Create & Thrive Q&A on ABN, Business Name, Tax, and GST

Today’s question is from Majay, who writes:

“I am just in the planning stage of creating a little online creative business. I’m 7 months pregnant now ( first one ). I know its crazy but I am trying to make some goods to sell online before the bub comes, ’cause I don’t know how busy am I going to be.

I have been contemplating this idea for a long time now, as I love creating and I am a huge fan of handmade stuff, and now that I’ve finished my full time job I thought I needed to enact my little dream of having a little online store.

I just want to ask, do I need to get an ABN or register a business name? I am sure I will not have $75,000 profit a year with my handmade goodies.

I did a bit of research but still I am confused: I don’t want to get in trouble!


For those of you outside of Australia, you may not know what most of the title of this post means – but bear with me! The local equivalents to these questions in your country is something you NEED to figure out asap.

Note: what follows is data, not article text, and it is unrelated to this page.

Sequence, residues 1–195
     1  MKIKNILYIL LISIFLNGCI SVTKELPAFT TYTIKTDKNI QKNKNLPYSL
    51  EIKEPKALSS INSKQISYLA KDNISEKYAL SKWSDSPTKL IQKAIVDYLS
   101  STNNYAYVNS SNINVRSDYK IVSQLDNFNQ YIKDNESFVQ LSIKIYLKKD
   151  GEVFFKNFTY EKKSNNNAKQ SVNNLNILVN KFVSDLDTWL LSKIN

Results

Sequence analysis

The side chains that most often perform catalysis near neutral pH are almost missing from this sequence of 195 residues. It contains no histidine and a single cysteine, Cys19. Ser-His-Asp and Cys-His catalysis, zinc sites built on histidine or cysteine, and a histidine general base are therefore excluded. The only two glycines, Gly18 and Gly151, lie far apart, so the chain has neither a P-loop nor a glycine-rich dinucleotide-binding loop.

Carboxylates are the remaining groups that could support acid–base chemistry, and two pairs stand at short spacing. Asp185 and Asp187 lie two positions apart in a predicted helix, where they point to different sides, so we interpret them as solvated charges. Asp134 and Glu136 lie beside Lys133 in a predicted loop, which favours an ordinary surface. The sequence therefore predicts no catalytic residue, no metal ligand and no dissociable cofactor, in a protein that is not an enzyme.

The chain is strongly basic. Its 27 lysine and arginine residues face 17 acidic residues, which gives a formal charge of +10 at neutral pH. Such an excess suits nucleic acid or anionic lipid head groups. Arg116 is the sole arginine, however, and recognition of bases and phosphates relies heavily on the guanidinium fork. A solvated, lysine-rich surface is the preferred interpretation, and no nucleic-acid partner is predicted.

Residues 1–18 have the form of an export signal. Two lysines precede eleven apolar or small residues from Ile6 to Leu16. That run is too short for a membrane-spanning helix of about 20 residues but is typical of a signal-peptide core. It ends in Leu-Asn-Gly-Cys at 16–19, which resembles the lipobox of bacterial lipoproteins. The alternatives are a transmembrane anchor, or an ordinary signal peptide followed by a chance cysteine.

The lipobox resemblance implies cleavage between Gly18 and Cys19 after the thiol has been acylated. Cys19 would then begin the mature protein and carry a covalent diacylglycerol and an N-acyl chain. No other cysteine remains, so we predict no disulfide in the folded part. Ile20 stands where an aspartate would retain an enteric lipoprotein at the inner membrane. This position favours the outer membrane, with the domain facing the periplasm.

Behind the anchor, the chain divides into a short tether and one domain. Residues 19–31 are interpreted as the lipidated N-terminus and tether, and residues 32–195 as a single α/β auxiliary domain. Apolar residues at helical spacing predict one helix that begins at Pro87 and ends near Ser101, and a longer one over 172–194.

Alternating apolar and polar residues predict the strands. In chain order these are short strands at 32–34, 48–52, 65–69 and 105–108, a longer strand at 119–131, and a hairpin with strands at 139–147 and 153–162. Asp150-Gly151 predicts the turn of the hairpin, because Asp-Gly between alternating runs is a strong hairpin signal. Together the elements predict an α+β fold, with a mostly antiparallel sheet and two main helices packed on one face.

Also – let me just state that I’m not an accountant or tax agent, so I’m just giving my personal advice based on my understanding of Australian business and tax rules. Please do your own research based on your situation and talk to a professional if you’re unsure of what you need to do.


Okay, so, let’s look at Majay’s questions.


People often conflate – ABN/Business Name Registration/GST/Putting business income on their tax – as one big morass, but it’s actually 4 separate – though inter-related – issues. Let’s look at each one individually.


Getting an ABN (Australian Business Number)

From the Australian Government website here (This site/resource is no longer available):

“An ABN is not compulsory, but it does allow you to:

  • facilitate a single Business Activity Statement (BAS)
  • confirm your business identity to others when ordering and invoicing
  • avoid Pay as You Go (PAYG) tax on payments you receive
  • claim Goods and Services Tax (GST) credits
  • claim energy grants credits
  • obtain an Australian domain name.


Some of the above is pretty irrelevant when you’re starting out. That said, I would encourage anyone starting even a very small business to register for an ABN. It’s free, easy, and gives your business legitimacy. Also, of course, you can’t get an Aussie domain ( without one.

An ABN is just a number that other businesses and the government can use to identify your business. It’s kinda like a TFN (tax file number) for your business.

Your ABN isn’t linked to any one business, either. If you register as a sole trader, you can use the same ABN for multiple enterprises (in my understanding).